SPLINTERING AND INERTIA IN NETWORK INDUSTRIES -super-*
AbstractWe analyse a stylised game of technology adoption with network effects and two new technologies. Potential adopters can adopt early, late or not at all. We show that one of the reasons for the failure of new technologies can be the presence of multiple incompatible variants of that technology. An adopter's individual incentives to adopt are lower with two technologies than with one. Turning to aggregate expected welfare, we find that two active technologies may be welfare-improving. Copyright 2008 The Authors. Journal compilation 2008 Blackwell Publishing Ltd. and the Editorial Board of The Journal of Industrial Economics.
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Bibliographic InfoArticle provided by Wiley Blackwell in its journal The Journal of Industrial Economics.
Volume (Year): 56 (2008)
Issue (Month): 4 (December)
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Web page: http://www.blackwellpublishing.com/journal.asp?ref=0022-1821
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- Jörg Claussen & Tobias Kretschmer & Thomas Spengler, 2012.
"Market Leadership Through Technology - Backward Compatibility in the U.S. Handheld Video Game Industry,"
CEP Discussion Papers
dp1124, Centre for Economic Performance, LSE.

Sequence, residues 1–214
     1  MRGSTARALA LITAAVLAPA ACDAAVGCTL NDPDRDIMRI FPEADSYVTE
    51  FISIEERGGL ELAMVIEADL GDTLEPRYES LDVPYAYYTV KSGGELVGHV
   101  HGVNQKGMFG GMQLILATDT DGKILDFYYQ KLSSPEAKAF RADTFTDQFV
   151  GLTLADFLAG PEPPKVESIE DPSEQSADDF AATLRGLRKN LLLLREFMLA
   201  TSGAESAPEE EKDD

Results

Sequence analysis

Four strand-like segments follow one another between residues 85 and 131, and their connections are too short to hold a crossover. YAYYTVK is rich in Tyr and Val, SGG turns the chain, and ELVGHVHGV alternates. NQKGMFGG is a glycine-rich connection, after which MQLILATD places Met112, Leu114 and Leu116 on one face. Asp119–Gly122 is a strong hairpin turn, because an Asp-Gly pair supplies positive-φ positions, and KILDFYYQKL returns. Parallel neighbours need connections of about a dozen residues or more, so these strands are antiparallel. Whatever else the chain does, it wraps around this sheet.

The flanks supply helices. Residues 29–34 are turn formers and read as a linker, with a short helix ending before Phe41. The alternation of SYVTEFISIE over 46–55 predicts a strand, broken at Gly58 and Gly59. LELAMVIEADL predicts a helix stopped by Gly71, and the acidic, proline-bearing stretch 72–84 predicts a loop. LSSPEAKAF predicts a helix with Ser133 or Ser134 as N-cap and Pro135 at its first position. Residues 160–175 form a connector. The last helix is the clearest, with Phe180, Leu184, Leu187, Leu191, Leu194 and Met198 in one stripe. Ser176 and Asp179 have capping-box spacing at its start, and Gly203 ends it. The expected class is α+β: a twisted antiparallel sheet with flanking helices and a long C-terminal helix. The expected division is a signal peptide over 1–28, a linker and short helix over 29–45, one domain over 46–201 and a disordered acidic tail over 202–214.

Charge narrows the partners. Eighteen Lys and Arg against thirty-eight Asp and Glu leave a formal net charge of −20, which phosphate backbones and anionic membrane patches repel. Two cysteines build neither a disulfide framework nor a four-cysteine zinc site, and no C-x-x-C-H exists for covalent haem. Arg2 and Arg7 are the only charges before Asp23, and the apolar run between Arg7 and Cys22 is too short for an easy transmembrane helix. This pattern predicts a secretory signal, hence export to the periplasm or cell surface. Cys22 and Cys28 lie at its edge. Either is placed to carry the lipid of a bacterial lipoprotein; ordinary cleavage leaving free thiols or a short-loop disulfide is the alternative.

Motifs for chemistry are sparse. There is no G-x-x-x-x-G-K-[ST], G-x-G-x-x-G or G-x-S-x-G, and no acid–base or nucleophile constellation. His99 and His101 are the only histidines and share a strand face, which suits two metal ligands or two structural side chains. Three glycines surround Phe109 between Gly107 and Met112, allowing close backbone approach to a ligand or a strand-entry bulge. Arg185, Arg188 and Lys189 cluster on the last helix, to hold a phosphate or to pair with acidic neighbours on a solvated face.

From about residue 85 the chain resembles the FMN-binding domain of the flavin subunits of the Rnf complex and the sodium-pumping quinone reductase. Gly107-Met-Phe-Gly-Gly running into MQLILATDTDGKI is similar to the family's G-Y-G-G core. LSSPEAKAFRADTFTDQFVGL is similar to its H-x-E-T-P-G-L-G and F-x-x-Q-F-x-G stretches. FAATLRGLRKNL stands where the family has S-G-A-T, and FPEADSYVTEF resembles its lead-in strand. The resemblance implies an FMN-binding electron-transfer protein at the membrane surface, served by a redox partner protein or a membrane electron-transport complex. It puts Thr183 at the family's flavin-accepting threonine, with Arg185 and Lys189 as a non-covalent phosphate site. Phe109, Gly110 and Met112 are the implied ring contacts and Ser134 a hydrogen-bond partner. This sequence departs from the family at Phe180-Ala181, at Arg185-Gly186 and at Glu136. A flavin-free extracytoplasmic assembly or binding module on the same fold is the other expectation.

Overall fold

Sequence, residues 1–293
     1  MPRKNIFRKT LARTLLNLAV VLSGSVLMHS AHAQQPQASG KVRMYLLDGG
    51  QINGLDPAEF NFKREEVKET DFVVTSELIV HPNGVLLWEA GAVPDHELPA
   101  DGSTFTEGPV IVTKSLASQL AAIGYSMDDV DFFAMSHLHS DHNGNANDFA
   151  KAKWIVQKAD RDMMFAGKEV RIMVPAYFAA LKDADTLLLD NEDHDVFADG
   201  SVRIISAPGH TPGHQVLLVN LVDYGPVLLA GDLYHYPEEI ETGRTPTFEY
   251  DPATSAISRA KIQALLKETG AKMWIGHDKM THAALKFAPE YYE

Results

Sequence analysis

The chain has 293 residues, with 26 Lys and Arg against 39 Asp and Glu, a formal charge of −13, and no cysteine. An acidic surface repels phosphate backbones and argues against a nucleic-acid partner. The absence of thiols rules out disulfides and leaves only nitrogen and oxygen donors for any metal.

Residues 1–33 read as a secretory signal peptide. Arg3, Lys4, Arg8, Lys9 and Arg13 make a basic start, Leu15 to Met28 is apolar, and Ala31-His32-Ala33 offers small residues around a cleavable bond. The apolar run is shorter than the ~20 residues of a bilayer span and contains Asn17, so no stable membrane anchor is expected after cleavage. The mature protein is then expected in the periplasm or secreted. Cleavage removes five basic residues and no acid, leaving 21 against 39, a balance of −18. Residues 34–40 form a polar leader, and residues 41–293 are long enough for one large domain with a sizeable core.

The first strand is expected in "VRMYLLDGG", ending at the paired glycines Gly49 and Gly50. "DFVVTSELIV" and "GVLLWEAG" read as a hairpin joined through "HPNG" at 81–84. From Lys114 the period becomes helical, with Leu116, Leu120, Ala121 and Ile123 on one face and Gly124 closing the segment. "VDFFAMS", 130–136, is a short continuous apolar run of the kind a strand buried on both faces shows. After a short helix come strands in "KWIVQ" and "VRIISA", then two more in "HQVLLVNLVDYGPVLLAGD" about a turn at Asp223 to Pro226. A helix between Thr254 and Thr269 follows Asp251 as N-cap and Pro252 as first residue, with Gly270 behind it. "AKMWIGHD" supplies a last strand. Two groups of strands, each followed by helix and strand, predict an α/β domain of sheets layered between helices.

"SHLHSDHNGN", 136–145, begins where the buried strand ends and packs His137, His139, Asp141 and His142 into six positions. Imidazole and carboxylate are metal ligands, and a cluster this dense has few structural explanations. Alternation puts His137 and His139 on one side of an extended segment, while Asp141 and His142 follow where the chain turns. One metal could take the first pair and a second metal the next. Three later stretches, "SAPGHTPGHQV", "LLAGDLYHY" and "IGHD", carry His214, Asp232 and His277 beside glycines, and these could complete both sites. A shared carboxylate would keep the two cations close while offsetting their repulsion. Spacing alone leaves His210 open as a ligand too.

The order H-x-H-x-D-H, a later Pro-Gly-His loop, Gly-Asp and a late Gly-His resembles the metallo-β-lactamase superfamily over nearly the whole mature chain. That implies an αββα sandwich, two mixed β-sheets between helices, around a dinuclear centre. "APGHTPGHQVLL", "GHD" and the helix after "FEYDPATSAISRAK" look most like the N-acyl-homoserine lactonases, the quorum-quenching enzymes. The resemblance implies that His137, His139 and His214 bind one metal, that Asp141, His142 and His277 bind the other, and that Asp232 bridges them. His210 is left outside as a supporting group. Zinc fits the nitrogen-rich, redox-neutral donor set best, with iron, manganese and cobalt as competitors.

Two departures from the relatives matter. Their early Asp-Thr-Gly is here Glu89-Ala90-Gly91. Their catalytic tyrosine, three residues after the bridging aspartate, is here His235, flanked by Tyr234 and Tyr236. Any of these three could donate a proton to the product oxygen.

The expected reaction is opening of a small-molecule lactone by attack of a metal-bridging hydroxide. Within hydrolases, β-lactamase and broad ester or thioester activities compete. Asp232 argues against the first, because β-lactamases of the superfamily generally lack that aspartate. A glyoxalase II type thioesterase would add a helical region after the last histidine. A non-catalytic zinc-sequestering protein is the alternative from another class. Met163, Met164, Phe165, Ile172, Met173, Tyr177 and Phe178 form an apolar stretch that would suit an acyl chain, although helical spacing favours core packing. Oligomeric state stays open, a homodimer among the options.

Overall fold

- Claussen, Jörg & Kretschmer, Tobias & Spengler, Thomas, 2010. "Market leadership through technology – Backward compatibility in the U.S. Handheld Video Game Industry," Discussion Papers in Business Administration 12716, University of Munich, Munich School of Management.
- JP Eggers & Michal Grajek & Tobias Kretschmer, 2011. "Performance implications of core and complementary pre-entry experience: The role of consumer heterogeneity in mobile telephony," ESMT Research Working Papers ESMT-11-03 (R2), ESMT European School of Management and Technology, revised 29 May 2012.
- Michal Grajek & Tobias Kretschmer, 2008. "Estimating Critical Mass in the Global Cellular Telephony Market," ESMT Research Working Papers ESMT-08-004 (R1), ESMT European School of Management and Technology, revised 15 Apr 2010.
- Claussen, Jörg & Kretschmer, Tobias & Spengler, Thomas, 2010. "Backward Compatibility to Sustain Market Dominance – Evidence from the US Handheld Video Game Industry," Discussion Papers in Business Administration 11499, University of Munich, Munich School of Management.
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